Full Text Available There has been some acknowledgement in the published literature that reflection is a crucial element of the evidence based library and information practice (EBLIP model we have adopted (Booth 2004, 2006; Grant 2007; Helliwell 2007. As we work through a problem and try to incorporate the best available evidence into our decision making, reflection is required at several stages, including the very identification of the problem through to our assessment of the process itself and what we have learned in order to inform future practice. However, reflection and reflective writing have not fully been integrated into the process we espouse, and very little has been done to look more closely at this element of the model and how it can be integrated into professional learning.In a recently published research article, Sen (2010 confirms the relationship between reflection and several aspects of professional practice. These include critical review and decision making, two aspects that are tied closely to the evidence based process. Sen notes: Students were more likely to show evidence of learning, self‐development, the ability to review issues crucially, awareness of their own mental functions, ability to make decision [sic] and being empowered when they had mastered the art of reflective practice and the more deeply analytical reflective writing. (p.84 EBLIP (the journal tries to incorporate elements of reflection within the articles we publish. While we clearly believe in the need for our profession to do quality research and publish that research so that it can be accessible to practitioners, we also know that research cannot be looked at in isolation. Our evidence summaries are one way of reflecting critically on previously published research, and in the same vein, our classics bring older research studies back to the foreground. This work needs to continue to be discussed and looked at for its impact on our profession.More directly, the Using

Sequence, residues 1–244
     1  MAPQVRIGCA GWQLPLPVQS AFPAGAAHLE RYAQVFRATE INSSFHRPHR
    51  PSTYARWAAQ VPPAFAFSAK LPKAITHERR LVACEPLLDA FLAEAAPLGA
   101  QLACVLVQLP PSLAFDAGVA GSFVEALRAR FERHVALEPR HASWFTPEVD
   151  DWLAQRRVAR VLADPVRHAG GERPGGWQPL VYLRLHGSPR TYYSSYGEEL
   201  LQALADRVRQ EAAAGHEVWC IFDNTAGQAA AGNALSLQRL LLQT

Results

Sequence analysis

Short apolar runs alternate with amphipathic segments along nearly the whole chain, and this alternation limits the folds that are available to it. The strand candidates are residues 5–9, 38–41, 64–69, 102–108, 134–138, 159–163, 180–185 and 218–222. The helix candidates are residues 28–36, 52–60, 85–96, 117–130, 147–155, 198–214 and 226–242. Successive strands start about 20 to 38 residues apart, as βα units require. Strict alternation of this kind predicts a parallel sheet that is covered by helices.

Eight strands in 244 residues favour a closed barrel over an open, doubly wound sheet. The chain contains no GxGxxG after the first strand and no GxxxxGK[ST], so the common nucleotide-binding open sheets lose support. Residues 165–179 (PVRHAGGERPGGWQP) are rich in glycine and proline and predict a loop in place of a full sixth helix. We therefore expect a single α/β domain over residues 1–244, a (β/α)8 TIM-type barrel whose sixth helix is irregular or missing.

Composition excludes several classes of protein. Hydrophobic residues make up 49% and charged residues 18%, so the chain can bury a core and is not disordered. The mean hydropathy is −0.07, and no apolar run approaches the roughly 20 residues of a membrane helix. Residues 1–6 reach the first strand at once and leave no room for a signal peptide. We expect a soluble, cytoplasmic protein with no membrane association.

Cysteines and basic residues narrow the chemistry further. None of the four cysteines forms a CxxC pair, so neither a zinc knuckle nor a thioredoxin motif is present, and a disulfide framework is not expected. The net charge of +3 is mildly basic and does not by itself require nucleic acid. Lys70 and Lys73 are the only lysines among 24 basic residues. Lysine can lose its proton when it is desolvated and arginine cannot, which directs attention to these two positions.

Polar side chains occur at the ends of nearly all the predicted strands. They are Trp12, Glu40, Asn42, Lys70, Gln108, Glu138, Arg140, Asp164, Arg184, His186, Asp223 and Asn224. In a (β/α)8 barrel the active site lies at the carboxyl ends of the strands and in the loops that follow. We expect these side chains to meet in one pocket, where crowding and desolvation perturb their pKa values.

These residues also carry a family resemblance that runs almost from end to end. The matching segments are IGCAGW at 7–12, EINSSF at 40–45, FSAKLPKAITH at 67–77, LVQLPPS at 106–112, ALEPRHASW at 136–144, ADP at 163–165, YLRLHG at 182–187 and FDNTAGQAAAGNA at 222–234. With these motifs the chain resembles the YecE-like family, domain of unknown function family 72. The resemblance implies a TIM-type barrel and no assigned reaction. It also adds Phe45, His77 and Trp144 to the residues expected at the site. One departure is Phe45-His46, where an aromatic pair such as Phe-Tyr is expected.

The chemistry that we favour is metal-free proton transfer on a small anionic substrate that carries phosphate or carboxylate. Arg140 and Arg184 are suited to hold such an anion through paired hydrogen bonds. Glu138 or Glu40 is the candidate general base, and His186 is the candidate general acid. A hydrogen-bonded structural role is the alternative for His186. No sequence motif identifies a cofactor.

12. Neutron reflectivity study of substrate surface chemistry effects on supported phospholipid bilayer formation on (1120) sapphire.

    Energy Technology Data Exchange (ETDEWEB)

    Oleson, Timothy A. [University of Wisconsin, Madison; Sahai, Nita [University of Akron; Wesolowski, David J [ORNL; Dura, Joseph A [ORNL; Majkrzak, Charles F [ORNL; Giuffre, Anthony J. [University of Wisconsin, Madison

    2012-01-01

    Oxide-supported phospholipid bilayers (SPBs) used as biomimetric membranes are significant for a broad range of applications including improvement of biomedical devices and biosensors, and in understanding biomineralization processes and the possible role of mineral surfaces in the evolution of pre-biotic membranes. Continuous-coverage and/or stacjed SPBs retain properties (e.,g. fluidity) more similar to native biological membranes, which is desirable for most applications. Using neutron reflectivity, we examined face coverage and potential stacking of dipalmitoylphosphatidylcholine (DPPC) bilayers on the (1120) face of sapphire (a-Al2O3). Nearly full bilayers were formed at low to neutral pH, when the sapphire surface is positively charged, and at low ionic strength (l=15 mM NaCl). Coverage decreased at higher pH, close to the isoelectric point of sapphire, and also at high I>210mM, or with addition of 2mM Ca2+. The latter two effects are additive, suggesting that Ca2+ mitigates the effect of higher I. These trends agree with previous results for phospholipid adsorption on a-Al2O3 particles determined by adsorption isotherms and on single-crystal (1010) sapphire by atomic force microscopy, suggesting consistency of oxide surface chemistry-dependent effects across experimental techniques.

  13. Absence of phase-dependent noise in time-domain reflectivity studies of impulsively excited phonons